U.S. Soy Grower Leaders Participate in 5th Regional Soybean Processing and Refining Conference in UAE
USSEC organized its 5th Regional Soybean Processing and Refining Conference, held at Grosvenor House Hotel in Dubai, United Arab Emirates (UAE) from September 24 to 27. 100 participants from the Middle East, North Africa, Turkey, Pakistan, Bangladesh, and Russia attended this workshop, including major crushers and vegetable oil refineries from these regions.
U.S. soy grower leaders Lewis Bainbridge, United Soybean Board (USB) director and past chairman; Stan Born, USSEC and American Soybean Association (ASA) director; Rob Schaffer, ASA director; and Keith Tapp, USB chairman also traveled to Dubai to participate in this conference.
Speakers included Alex Slichter, Regional Sales & Business Development Manager, Crown Americas – Crown Iron Works; Anibal Demarco, Crushing Product Specialist – Global Technical Support, Desmet Ballestra; Paul Smith, Crown Europe Sales and Marketing Director – Crown Iron Works; Brent German, Soy Processing Consultant, Blind Corner Solutions; Darren Litle, Director of Technical Sales, Arisdyne Systems Inc; Enrique Diaz, Account Manager, Anderson International Corp; Francisco Belden F., Director de Abastecimientos, RAGASA; Alan Paine, Product Manager – Refining, Desmet Ballestra; Frank J. Flider, Edible Oils Consultant, QUALISOY; and Sadru Dada, Intl Agribusiness Technical Consultant.
“High oleic soybean oil and its benefits were introduced to attendees and several crushers and refiners in attendance expressed keen interest in the availability of commercial quantities of high oleic soybean oil, as well as high oleic soybeans for crush,” says Mr. Flider. “Attendees indicated that high oleic soybean oil would enable them to compete more effectively against locally produced sunflower oil in markets requiring higher stability. The MENA region represents one of several potentially significant world markets for high oleic soybeans and oil.”
“The conference gave people from different parts of the soybean industry an opportunity to discover what each other is doing, make new contacts, and renew old friendships,” states Mr. Paine. “Working for an equipment supplier, I have become used to the ever increasing demand in the oil and seed processing sector for greater efficiency by using more sophisticated technologies. Energy usage and other operating costs are continually falling while oil yield is rising in factories that are hardly recognizable compared with those of a few decades ago.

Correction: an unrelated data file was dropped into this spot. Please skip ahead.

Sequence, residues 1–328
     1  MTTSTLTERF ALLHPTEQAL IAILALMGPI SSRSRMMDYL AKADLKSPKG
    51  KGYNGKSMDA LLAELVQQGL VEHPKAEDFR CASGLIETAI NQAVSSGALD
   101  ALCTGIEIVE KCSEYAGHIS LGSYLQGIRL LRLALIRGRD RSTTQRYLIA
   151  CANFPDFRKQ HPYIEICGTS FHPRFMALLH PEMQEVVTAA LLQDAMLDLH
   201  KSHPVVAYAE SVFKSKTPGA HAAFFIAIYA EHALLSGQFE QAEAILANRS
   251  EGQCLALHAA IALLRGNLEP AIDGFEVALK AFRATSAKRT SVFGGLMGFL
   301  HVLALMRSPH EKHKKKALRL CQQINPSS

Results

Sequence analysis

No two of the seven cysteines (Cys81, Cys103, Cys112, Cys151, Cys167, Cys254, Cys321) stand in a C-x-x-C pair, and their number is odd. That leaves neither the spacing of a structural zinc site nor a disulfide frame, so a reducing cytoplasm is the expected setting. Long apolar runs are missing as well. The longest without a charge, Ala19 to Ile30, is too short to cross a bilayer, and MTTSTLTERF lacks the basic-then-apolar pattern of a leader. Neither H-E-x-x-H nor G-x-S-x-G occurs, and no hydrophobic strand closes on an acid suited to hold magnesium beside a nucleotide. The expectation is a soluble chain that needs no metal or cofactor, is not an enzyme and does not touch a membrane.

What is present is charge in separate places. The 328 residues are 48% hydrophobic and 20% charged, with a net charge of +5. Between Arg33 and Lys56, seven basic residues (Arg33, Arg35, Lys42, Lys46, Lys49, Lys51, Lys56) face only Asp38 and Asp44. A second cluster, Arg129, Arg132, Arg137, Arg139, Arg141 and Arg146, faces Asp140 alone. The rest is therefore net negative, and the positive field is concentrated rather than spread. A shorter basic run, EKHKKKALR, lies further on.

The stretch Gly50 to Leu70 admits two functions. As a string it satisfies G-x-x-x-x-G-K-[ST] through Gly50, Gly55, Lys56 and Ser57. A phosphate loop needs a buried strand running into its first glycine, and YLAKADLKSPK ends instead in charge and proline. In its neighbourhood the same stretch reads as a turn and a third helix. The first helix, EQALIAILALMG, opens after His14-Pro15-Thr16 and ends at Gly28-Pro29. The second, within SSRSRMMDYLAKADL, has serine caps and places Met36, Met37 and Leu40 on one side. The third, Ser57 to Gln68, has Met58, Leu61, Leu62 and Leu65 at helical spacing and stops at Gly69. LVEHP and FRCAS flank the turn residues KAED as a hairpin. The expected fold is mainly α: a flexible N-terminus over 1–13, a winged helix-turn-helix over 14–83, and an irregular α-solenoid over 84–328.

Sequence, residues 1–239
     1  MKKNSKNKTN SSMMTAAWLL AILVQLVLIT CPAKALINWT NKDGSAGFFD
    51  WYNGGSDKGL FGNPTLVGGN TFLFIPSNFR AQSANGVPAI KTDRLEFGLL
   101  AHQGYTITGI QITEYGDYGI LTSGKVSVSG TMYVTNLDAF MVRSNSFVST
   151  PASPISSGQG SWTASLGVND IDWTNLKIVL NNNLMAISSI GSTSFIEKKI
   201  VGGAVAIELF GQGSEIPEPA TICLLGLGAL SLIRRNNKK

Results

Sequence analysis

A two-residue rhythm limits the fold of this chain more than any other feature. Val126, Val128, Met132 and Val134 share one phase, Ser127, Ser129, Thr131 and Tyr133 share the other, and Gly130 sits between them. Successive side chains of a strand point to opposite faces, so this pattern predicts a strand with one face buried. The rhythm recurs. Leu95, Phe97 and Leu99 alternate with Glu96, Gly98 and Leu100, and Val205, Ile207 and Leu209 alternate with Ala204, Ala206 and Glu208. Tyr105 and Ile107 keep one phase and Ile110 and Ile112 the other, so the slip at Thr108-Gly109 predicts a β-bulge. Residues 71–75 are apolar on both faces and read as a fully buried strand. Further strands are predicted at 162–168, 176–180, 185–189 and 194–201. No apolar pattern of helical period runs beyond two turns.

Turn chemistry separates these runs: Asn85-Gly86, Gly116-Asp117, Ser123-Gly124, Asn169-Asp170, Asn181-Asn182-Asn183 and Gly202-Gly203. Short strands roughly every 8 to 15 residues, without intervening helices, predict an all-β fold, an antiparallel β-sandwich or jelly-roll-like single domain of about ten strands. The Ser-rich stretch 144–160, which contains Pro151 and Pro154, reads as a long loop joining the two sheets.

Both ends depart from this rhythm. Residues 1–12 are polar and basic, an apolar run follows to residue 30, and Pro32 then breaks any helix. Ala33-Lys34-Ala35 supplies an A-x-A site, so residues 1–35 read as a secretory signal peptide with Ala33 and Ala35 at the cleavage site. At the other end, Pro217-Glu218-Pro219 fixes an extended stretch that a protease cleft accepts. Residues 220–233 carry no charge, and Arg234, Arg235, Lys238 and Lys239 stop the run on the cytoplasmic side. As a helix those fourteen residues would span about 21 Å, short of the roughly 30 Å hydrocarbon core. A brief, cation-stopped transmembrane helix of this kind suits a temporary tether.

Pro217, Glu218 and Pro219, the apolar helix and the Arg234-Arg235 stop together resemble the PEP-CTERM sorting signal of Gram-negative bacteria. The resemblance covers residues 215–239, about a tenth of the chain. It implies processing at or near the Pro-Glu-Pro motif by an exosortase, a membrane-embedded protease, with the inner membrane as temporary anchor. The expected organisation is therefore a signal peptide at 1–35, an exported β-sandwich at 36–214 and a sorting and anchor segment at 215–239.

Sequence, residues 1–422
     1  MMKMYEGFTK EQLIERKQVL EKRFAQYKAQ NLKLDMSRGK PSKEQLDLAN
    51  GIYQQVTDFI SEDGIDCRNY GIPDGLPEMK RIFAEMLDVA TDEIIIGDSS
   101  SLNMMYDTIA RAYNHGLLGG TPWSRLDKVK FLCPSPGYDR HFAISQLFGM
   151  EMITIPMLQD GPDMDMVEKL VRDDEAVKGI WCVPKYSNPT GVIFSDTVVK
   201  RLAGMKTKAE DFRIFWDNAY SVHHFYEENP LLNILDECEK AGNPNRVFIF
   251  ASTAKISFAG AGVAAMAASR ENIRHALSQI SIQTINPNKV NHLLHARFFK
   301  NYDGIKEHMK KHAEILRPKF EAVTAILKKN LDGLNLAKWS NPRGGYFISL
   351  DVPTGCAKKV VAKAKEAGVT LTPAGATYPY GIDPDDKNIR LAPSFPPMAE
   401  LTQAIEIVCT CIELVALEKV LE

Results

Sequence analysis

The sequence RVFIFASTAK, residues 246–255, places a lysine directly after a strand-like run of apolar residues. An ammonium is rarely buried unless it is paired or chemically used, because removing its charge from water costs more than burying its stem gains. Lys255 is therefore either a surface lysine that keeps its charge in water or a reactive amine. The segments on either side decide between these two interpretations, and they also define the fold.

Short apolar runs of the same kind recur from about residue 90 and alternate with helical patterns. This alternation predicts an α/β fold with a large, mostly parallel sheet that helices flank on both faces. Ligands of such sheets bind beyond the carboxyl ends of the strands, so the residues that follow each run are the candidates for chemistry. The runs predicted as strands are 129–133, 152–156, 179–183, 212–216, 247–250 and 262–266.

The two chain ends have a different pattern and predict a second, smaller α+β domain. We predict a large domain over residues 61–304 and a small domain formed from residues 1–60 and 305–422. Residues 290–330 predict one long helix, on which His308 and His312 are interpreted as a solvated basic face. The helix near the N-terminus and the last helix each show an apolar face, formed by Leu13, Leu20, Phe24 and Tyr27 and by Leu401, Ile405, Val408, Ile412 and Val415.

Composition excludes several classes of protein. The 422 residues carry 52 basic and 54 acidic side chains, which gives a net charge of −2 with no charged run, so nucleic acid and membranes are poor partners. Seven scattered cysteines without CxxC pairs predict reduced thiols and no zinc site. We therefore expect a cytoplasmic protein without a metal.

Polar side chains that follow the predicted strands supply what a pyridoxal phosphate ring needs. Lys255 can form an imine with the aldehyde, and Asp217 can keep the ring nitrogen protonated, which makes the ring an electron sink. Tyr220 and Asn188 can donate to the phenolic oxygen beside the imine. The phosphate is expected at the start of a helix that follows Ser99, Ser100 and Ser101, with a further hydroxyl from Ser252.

“But processing isn’t the only thing that has changed over the years. The conference started with an atmospheric video showing family life on an Illinois soybean farm at harvest time. All very nice, we thought, but the presentations at the meeting showed that behind these happy rural scenes is a level of science and technology, which was unimaginable not long ago. Soil is preserved by placing the seeds directly into the untilled ground; tractors repeatedly follow exactly the same track through the fields guided by GPS and new varieties of beans can offer a more stable and versatile oil.
“At the other end of the line, we heard about the marketing of oil and meal and developments in biodiesel, including government policies designed to reduce greenhouse gas emissions.
Vegetable oil sometimes seems like a very conservative industry but step-by-step we are continuing to learn new things and find out how to deal with new challenges.”